While estate planning is essential for any parent, it takes on additional significance for the parents of a child with special needs. One of your biggest concerns is probably planning for their future care when you are no longer there to look after them.

There is a lot to consider and each child’s needs are unique, depending on the nature of their disability and the level of ongoing support they will need. Any plan you put in place is likely to consider things such as where they will live, who will care for them on a day to day basis and how you can safeguard their financial interests.

Not only do you need to make sure your child receives the same level of support in your absence, but you also want to set in place a strategy that is transparent and allows all your children to thrive.

As best you can, try to plan for the long haul, protecting your child from any future changes to circumstances or legislation as well as taking stock of how their personal needs will change over their lifetime. You also don’t want to jeopardise their eligibility for any government benefits.

The matter of trusts

One of the big concerns for parents is that their child may not be capable of managing their own finances. One way around this is to establish a testamentary trust as part of your Will.

If your child is severely disabled, over the age of 16, and you are concerned that the money you leave them could reduce their social security benefits, you might consider a Special Disability Trust. This will not only provide for them, but the money and income will not be subject to any means test as long as the amount invested is under an inflation-adjusted cap.

As at 1 July 2018, the cap is $669,750. Plus, you can spend up to $12,000 a year on expenses unrelated to their care and accommodation needs.

Other types of trust include a capital reserved trust, where the individual can receive income from the trust and use the trust’s asset such as the home during their lifetime, and a protective trust, where the trustee can apply income and capital to the trust over its lifetime if more funds are needed for their wellbeing.

Other considerations

You need to maintain a very long-term view and think about what will happen to your estate when your special needs child dies and whether they will be capable of making decisions on its distribution. It may be a good idea to have a clause in a trust that says the money should go to your surviving family members.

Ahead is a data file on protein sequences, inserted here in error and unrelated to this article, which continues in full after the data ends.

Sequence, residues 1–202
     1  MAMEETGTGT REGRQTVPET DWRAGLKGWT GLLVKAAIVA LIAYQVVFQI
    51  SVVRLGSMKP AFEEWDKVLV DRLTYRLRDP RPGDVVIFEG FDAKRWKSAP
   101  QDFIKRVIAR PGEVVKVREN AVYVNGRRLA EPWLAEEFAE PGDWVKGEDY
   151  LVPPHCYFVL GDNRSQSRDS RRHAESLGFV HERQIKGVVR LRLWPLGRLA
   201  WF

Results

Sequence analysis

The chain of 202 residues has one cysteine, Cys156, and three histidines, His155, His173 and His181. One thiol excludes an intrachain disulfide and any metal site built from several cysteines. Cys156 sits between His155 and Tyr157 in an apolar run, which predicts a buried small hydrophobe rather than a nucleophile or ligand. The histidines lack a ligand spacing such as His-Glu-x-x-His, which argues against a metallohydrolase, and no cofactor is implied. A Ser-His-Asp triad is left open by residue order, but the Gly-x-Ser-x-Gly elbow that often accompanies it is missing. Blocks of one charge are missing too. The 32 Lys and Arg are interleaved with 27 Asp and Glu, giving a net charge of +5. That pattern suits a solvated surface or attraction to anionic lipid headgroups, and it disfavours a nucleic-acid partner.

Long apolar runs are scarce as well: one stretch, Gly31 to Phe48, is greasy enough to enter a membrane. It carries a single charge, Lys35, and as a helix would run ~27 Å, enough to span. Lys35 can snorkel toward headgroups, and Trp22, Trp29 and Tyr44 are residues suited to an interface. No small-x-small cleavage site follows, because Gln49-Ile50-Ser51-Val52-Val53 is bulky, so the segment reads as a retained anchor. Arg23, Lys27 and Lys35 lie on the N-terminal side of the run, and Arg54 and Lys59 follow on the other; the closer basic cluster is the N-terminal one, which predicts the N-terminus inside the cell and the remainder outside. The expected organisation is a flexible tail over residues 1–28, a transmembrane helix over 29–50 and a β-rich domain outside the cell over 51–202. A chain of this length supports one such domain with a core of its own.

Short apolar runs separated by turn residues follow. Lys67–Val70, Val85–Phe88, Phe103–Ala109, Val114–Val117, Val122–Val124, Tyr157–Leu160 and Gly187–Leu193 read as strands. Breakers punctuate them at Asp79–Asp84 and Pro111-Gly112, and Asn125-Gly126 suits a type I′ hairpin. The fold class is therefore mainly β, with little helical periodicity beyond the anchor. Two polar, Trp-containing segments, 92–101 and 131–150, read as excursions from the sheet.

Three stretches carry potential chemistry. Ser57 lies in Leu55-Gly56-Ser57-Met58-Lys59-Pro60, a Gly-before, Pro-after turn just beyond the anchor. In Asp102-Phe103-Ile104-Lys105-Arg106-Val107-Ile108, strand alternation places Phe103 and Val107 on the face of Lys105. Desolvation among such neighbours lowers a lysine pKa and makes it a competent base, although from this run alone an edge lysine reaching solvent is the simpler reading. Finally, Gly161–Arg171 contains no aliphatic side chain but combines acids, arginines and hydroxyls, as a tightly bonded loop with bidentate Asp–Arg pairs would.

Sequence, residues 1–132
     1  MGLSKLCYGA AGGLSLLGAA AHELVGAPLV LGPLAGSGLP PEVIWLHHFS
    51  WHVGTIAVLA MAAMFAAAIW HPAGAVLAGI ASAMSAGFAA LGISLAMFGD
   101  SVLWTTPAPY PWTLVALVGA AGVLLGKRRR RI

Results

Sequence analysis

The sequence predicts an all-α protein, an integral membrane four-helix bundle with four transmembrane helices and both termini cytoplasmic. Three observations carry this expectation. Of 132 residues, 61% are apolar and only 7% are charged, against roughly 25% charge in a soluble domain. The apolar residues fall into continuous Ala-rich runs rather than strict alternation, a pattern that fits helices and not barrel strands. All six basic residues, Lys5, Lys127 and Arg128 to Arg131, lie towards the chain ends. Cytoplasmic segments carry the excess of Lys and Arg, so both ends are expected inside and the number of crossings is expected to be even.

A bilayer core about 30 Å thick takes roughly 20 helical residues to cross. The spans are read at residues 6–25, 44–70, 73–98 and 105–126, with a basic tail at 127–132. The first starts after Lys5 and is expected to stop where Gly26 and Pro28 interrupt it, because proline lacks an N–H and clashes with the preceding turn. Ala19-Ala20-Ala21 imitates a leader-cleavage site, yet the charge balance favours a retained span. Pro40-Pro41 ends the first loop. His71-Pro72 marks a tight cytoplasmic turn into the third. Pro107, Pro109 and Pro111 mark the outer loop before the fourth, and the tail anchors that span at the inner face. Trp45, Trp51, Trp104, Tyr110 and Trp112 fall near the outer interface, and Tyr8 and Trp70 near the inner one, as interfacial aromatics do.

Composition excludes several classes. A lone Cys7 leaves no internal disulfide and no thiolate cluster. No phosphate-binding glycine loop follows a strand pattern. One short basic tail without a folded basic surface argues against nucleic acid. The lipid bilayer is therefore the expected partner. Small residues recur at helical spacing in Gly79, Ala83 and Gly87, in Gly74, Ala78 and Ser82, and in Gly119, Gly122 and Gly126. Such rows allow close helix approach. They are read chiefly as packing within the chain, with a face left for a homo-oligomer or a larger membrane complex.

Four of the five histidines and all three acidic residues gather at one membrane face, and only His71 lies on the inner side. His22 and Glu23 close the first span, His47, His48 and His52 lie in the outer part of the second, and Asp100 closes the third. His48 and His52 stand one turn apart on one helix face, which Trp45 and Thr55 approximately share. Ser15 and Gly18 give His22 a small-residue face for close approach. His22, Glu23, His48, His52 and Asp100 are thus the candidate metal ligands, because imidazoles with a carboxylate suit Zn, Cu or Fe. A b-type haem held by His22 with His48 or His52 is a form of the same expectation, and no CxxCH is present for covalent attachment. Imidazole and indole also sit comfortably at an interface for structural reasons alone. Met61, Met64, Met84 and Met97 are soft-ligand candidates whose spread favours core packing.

The choice of trustees is also important. In most cases, Australian law dictates that there will need to be more than one, and while it may seem natural to appoint your other children as trustees, in general it is wise to choose someone outside of the family to avoid conflicts of interest.

While appointing an external trustee can be a more expensive option, if you select the right person, you can have confidence in their empathy and financial acuity. With the correct structures in place, your child or their carers can also be involved in financial decisions, if appropriate.

Super plays a role

In some circumstances your super can also be used to provide ongoing support. If your child is considered to have a severe disability, you can pass your superannuation money on to them as an income stream regardless of their age.

It takes careful and considered planning to provide properly for a loved one with a disability, beyond your lifetime. It’s also important to review your plan frequently, making adjustments when legislation or your child’s circumstances change.

Young invincibles – the importance of insurance

Young invincibles – the importance of insurance.JPG

When you are young, healthy and just starting your working life the last thing on your mind is life insurance. In your 20s and 30s your financial focus is more likely to be on saving for a car, holidays, a home or the birth of a child. But failing to protect the lifestyle you are creating could have a devastating financial effect.